By dontannoyme on "The truth is, the ten or twenty minutes I was somebody’s mother were black magic": Ariel Levy's "Thanksgiving in Mongolia"
@antilamentation I feel these comments are somewhat naïve. She'd just delivered a desperately premature baby and was offered a tampon - she and everyone in the hotel was not equipped to deal with this because this is an extraordinary experience. She was on the verge of death and had already lost a child, right there in the hotel room. Not sure what level of thought is appropriate in these circumstances - and no I don't think it should have been edited.
It's not "casual racism" to think "where the hell am I and who is looking after me and what will happen to me and will I die?" when you are suddenly facing your own death and the death of your baby and you are thousands of miles from any one who loves you or from anything familiar. How do you think the Syrian asylum seekers travelling across Europe to find refuge feel if they are forced to give birth and face a terrible loss in a foreign land where they don't know the language and don't understand the system and don't recognise the food and are a thousand miles away from home? Not "Oh gosh what a lovely place this is and how I hope to get to know it deeply so I can represent it fairly in all my future descriptions of this event".
I'm trying to figure out how I feel now that I'm somebody's mother (even after 4 months, it feels strange even writing that). Sometimes, I am utterly, totally transformed - the first time I held her, I literally could not see anything else, and I would lose hours(!) just watching her sleep when she was a newborn. When, 3 days after she was born, we had to take her back to the hospital (preemie with jaundice), I cried - just wept, all day long - while her tiny body was separated from me in her little isolette. No amount of rational thought could penetrate the fog of the hormones that were screaming at me for letting my baby be anywhere but on me.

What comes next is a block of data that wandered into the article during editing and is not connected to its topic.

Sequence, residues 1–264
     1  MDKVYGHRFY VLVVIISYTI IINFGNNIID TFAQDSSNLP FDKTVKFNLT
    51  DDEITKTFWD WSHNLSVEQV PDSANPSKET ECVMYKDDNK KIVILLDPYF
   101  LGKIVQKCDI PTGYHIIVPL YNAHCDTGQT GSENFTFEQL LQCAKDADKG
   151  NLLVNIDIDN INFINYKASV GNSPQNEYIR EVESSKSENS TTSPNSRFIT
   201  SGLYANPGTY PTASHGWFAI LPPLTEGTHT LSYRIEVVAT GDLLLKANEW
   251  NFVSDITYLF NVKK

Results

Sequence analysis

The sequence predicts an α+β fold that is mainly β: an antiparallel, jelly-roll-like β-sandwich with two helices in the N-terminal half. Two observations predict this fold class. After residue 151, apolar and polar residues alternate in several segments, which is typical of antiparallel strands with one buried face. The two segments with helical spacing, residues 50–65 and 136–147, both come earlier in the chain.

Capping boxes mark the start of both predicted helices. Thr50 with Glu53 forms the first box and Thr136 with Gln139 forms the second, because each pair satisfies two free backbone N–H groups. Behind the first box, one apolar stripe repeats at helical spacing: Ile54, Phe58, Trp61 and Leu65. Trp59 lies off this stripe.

But sometimes, and more when I've slept for a blissful 6 or 7 hours in a row, I just feel...like myself. Sometimes, I'm a little sad that I'm not fundamentally different - it's more that I've just been extended slightly; I'm in a new relationship, I've added a second love to my life. But in the same way marriage didn't make me into a new person, neither has motherhood. I'm pretty sure time will take care of that on its own.
I’m traveling too much. I’m not writing enough. I can’t figure out where I want to live. They were all luxurious worries, the kinds of things only childless people had time or energy to grind on.
This is obviously, patently untrue, so much so that it feels demeaning to even say so.
As my mother gets daily closer to the inevitable decline and death that awaits us all, I have stopped being so knee-jerkedly offended by this kind of thing for myself as an unchilded person and begun being more and more offended for her as a human person who has now, and never lacked, an essential human self. Selflessness, my christ. That is an insult that I (even I!) will never offer anyone. Mothers do hard work that is boring to many and are kept very physically busy and mentally occupied by it for a period of some years. They are not separate creatures outside the world of lowly human fellowship and they do not make a devil's bargain to stop striving and wanting and thinking with their selves in order that their children may one day do these things.